Our third main method for making colored glass is to melt and fuse colorful glass pieces using a glass kiln.

For these kiln-formed glass processes, you don’t need temps quite as high as when making glass from scratch. You just need to soften the glass enough to shape it or fuse it together.

Fusing Colored Glass Pieces

Fusing involves melting multiple, multi-colored pieces of glass together.

To get started, you need:

  • A suitable glass kiln
  • Safety gear (protective glasses and gloves)
  • Accessories such as a kiln shelf, kiln paper, molds, and kiln wash
  • Glass pieces that are compatible for fusing

Prepare and arrange your glass pieces on your kiln shelf or in your mold. Use different patterns, color combinations, and layers to create different design effects.

Then heat your kiln and soak your creation (at temps ranging from 1,250 °F to 1,500 °F for up to an hour) to gradually soften and melt them together. Complete by annealing your glass, a process of slow cooling in the kiln to relieve internal stresses and help prevent cracking or shattering.

series of glass fusing projects
image source: pinterest

Glass fusing is great for colorful creations including:

  • Jewelry
  • Picture frames
  • Wall art
  • Candle holders and other home decor

You can also check out our list of fused glass project ideas for more inspiration. And, if you want a detailed guide to fusing, check out our guide to the art of glass fusion.

Slumping with Colored Glass

Slumping is the process of heating glass in a kiln until it becomes soft and takes the shape of, or “slumps” into or over, a mold.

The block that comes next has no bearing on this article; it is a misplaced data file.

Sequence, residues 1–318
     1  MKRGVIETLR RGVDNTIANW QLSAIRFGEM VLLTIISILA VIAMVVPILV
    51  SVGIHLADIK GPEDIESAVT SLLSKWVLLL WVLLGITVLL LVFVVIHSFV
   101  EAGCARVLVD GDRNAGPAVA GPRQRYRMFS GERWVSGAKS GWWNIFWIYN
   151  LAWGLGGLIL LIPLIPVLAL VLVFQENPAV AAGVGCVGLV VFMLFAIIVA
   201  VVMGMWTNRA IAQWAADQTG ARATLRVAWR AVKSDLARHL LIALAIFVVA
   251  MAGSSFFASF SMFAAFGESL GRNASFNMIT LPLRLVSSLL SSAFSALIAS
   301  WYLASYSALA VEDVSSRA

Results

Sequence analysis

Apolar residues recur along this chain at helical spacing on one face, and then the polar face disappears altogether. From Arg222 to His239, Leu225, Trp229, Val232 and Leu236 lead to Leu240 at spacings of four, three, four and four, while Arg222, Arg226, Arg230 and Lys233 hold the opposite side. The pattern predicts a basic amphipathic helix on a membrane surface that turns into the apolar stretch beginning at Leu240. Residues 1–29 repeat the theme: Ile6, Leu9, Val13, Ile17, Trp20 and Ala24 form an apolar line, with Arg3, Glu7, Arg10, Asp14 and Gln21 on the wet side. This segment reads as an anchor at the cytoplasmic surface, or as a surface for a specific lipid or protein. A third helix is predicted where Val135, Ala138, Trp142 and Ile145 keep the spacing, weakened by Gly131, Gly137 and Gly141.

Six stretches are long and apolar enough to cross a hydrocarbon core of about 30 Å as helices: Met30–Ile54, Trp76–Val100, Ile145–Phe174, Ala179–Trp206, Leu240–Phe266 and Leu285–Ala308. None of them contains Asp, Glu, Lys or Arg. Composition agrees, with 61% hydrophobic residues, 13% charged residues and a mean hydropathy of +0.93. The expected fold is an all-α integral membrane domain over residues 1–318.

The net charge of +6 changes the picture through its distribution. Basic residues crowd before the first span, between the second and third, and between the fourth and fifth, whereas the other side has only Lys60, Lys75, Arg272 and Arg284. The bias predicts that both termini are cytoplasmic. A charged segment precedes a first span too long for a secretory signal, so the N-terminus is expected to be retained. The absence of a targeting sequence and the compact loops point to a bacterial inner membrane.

In addition to a good kiln, you need glass that’s suitable for slumping and slumping molds that can hold up to high heat.

Prepare your glass and your mold. Ramp up the kiln and hold at your slumping temperature. Temperatures for slumping can range from 1,180 °F to 1,500 °F. Just as with other glassworking projects, you should anneal your creation to protect from breakage.

Series of glass slumping project images
image source: pinterest

Glass slumping can create colorful three-dimensional forms such as:

  • Bowls
  • Vases
  • Sculptures

Check out our guide to glass slumping for a full breakdown of the process.

Advantages and Limitations of Kiln Forming

The world of kiln forming to create colored glass is versatile and accessible for home crafters. It produces more vibrant and permanent colors than any surface treatment. And it’s easier to achieve than making glass from scratch.

However, these processes do require compatible glass and a good kiln (which we’ll get into next).

Getting Started with Kilns

A good kiln is a key to your success as a glass artist.

Keeping a close eye on temperatures is essential to success. So look for a kiln with easy-to-use temperature control. Hot Shot kilns, for example, have precise temperature control to help you get great results.

Safety is also paramount when working with glass at high temperatures. That’s why Hot Shot kilns come with Cool-Touch technology to keep you safe. Our kilns are made in the USA and they’re ready to ship in a range of sizes to fit your needs and home studio space.

Ready for Adventures in Color?

To make colored glass at home, fusing glass in a kiln may be the best way to get the results you want without a lot of advanced skills. But there’s still plenty to learn—and plenty more resources here on our glass art blog.

We could all use some more color in our lives. So however you choose to do it, keep exploring and building your skills in the satisfying and fascinating arts of making colored glass!